On Saturday I began my 44th year in the gear industry. I remember way too many details of my first day as a drafting apprentice at the Falk Corporation for it to have been that long ago, but the calendar doesn’t lie.
After expressing shock that I had no relatives working there, my new co-workers began the long, hard task of teaching me enough so I wouldn’t be “a hazard to navigation.” At least one old hand advised having a good back up plan since hydraulics were going to take over everything. There have certainly been many changes in our trade since 1971 but anyone who ever watched an episode of Junkyard Wars could tell you, the hydraulic revolution never happened.
In my opinion, the big changes that reshaped our industry:
- Computer controlled machine tools. When I took my first shop tour at Falk it was wall- to-wall turret lathes in three buildings. Ten years later they were gone.
- Personal computers. In 1971 we punched our own cards for the mainframe computer. At least once a week a box of cards got dropped on the way to the computer room. I could have built a house with my boxes of cards. Ten years later that mainframe was in a little box on every desk.
- Computer Aided Drafting. I was a late adopter of CAD, as you might expect given my apprenticeship. By the mid 1980s, a single CAD station could out perform five or six draftsmen.
- Ground gearing. Falk held on to through hardened gearing longer than most companies, but by 1990 most of the industry had transitioned to carburized and hardened gears with ground flanks.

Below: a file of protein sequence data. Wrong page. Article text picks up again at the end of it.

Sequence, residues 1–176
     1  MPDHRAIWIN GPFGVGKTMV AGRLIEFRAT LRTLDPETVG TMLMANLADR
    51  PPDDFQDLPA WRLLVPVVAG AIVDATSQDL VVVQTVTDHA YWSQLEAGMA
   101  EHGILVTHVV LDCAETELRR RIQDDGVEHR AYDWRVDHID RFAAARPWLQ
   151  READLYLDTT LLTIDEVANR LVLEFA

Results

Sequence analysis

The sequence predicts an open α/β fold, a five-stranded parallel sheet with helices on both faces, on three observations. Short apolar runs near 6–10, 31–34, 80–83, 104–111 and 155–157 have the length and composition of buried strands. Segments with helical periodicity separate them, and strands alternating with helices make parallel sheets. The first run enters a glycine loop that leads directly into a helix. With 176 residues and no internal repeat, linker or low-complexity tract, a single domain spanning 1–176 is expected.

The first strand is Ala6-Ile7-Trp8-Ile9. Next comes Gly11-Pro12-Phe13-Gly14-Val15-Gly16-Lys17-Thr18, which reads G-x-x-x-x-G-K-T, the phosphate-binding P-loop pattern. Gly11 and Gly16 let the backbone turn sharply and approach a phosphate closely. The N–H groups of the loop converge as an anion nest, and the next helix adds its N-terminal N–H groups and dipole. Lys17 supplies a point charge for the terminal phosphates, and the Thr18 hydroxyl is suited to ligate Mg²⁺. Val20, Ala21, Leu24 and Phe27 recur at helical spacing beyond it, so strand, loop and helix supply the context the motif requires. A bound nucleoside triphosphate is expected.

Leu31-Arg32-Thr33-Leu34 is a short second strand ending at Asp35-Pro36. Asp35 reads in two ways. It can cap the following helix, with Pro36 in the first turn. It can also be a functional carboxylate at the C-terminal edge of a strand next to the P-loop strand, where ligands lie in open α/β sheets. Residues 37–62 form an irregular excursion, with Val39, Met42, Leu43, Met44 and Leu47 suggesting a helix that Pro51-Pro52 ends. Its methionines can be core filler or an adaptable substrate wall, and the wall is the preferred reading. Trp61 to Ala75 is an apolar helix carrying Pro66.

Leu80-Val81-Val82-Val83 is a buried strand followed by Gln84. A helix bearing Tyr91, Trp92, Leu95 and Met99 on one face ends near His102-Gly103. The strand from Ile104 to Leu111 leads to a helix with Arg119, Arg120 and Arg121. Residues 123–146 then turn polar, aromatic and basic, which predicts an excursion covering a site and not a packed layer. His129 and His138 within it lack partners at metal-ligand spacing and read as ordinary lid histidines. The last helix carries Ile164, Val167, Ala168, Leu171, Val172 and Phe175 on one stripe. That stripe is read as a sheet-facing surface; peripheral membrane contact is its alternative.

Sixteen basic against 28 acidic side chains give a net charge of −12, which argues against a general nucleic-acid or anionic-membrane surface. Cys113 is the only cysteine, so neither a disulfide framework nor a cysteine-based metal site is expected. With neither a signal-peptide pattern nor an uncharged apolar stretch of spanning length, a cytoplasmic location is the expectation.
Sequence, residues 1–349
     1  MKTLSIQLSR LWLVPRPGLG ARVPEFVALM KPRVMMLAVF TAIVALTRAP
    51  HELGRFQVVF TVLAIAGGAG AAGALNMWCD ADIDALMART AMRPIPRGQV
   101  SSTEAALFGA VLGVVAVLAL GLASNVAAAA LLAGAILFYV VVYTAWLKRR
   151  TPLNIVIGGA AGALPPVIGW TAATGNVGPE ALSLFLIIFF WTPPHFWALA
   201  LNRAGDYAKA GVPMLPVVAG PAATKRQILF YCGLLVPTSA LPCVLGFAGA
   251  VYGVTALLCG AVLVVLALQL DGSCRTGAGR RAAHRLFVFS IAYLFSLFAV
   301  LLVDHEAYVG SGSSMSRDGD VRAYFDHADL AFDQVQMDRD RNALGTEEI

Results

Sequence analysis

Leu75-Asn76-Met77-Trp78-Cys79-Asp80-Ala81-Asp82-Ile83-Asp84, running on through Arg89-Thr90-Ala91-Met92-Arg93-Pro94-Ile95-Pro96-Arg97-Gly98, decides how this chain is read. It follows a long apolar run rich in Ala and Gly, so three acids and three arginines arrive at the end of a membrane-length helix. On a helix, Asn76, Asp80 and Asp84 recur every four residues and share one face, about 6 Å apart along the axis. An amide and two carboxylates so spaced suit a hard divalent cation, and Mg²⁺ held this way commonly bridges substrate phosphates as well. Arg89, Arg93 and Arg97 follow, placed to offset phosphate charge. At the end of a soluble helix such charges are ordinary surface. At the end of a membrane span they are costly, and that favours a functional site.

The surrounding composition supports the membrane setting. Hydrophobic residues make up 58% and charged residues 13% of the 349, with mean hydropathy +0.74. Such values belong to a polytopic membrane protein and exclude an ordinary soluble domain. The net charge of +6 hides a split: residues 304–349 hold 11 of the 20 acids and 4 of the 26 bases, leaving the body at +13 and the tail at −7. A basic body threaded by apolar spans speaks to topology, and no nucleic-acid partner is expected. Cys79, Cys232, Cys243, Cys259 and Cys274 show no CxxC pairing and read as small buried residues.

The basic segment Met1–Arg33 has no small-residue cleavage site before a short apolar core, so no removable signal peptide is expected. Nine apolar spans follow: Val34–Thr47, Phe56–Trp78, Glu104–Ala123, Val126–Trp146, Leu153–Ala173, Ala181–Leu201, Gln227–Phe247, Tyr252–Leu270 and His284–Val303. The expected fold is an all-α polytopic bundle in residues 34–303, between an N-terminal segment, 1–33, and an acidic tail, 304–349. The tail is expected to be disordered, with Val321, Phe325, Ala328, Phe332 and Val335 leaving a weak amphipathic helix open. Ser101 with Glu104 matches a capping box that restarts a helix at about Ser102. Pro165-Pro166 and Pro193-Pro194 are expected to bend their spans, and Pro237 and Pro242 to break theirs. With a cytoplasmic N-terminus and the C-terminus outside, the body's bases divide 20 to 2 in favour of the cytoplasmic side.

- Coated hobs and cutters. It took a while for everyone to believe the test results, but within a few years the benefits of extended tool life changed the economics of the business.
- CNC Form Grinders. In 1971 there were two dominant gear grinding technologies: MAAGs for bigger, high-precision parts and Reishauers for smaller, high-volume parts. On MAAGs you talked “days per gear” and on Reishauers it was “minutes per gear” after a day of wheel prep. The advent of CNC form grinding reduced the cost of gear grinding and made the advanced micro-geometry required for high performance possible.
- The Internet. Until the Internet came into our lives, you needed good library skills to research technical topics. Inquiries and purchase orders came in via the post office and might take days just to reach the appropriate desk. Responses went by “snail mail” too. Long distance phone calls were reserved for emergencies. For a short period of time, communication shifted to fax machines, but once the “dot com” boom started, we were on that slippery slope to instant communication.
- Cell phones. When I started traveling with sales people, the first thing that I noticed was how much of a hassle it was for them to communicate by phone. Most carried bags of “telephone change” and knew where every pay phone was on their turf. Being able to carry a cell phone, even at the outrageous rates of the early days, revolutionized the sales game.
Did I miss anything? Use the comments to let me know.